More homes rented in wake of recession

Zillow Published:

By David Widner

Nationwide, more and more single-family homes are being rented instead of owned by their occupants, according to analysis of U.S. Census Bureau data from the American Community Survey by USA Today.

In 2012, USA Today found that at least 20 percent of occupied single-family homes were being rented in 32 of the nation’s largest metro areas. In 2006, only seven of those metro areas had that percentage of home rentals.

The trend reflects the dramatic increase in foreclosures that occurred during the recession, as many homeowners who lost their properties had to find rental homes that could accommodate their families and possessions.

According to USA Today’s analysis, the highest percentages of home rentals vs. ownership are concentrated in California, whose housing market was hit hard by the recession. Golden State metro areas with high percentages of rentals include Stockton (32.2 percent), Fresno (31.1 percent), Bakersfield (30.6 percent), San Diego (26 percent), Los Angeles (25.7 percent), and Riverside (25 percent). Also near the top of the list are the resort areas of Honolulu (29.6 percent), Las Vegas (28.9 percent) and Orlando (21.8 percent).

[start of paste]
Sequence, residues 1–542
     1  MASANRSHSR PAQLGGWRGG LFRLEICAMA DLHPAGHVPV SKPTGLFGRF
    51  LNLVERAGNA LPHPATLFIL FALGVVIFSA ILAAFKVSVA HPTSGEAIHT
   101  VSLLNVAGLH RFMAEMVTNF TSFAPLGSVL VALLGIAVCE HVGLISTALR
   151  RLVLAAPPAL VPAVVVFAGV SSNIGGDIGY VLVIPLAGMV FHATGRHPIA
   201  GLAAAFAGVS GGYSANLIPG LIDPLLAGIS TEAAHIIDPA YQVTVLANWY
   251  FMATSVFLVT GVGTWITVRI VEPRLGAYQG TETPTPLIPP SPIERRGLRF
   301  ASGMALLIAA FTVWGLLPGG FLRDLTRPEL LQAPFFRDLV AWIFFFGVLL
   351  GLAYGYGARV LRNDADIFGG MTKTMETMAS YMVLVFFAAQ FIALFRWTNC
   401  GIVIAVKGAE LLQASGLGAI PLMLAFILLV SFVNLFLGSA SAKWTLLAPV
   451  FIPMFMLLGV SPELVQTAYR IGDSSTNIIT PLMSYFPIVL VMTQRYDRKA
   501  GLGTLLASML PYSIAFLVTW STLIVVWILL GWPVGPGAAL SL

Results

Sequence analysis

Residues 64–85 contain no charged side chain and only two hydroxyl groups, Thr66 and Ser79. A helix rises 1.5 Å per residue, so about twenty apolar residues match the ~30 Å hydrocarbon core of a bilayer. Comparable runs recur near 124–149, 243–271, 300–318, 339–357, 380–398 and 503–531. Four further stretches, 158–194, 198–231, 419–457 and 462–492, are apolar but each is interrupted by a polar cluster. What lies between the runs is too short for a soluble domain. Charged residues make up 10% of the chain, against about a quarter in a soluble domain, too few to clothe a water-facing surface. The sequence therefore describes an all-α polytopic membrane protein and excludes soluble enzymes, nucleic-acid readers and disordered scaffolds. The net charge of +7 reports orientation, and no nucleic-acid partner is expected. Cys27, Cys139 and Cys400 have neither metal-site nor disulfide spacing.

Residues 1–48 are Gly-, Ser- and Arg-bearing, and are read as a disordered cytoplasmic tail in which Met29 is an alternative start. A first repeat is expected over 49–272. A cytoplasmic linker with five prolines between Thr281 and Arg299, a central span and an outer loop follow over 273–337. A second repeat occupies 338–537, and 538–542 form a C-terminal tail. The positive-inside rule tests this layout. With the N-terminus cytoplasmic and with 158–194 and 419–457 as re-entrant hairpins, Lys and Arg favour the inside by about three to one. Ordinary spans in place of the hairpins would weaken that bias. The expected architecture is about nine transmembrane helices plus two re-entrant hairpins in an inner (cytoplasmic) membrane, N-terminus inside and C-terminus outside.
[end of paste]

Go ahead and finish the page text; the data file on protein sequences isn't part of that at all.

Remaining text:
The highest increase in single-family rentals since 2006 have occurred in Las Vegas (10.3 percent); Cape Coral, Fla. (10 percent); and Phoenix (9.3 percent), three metro areas that had some of the highest foreclosure rates during the recession.

In the Pacific Northwest, the Portland area had a 19.2 percent home-rental rate in 2012 (a 5.0 percent increase over 2006), while Seattle had an 18.5 percent rate (5.1 percent greater than 2006). The lowest percentages nationally were in cities in the Northeast, such as Hartford, Conn. (8.6 percent); Albany, N.Y. (9.6 percent); Boston (10.2 percent); and Worcester, Mass. (10.5 percent).

As demand for rentals has risen, so has the average monthly rental cost for homes in many cities. For example, as of September 2013, the Zillow Rent Index for the Naples, Fla., metro area had increased by 14.2 percent year-over-year, compared with the national average of 2.0 percent. Other metro areas with significant year-over-year average rental-price increases include Lincoln, Neb. (13.3 percent); Burlington, Vt. (12.2%); Oklahoma City (11.3 percent); and Ogden, Utah (10.6 percent).

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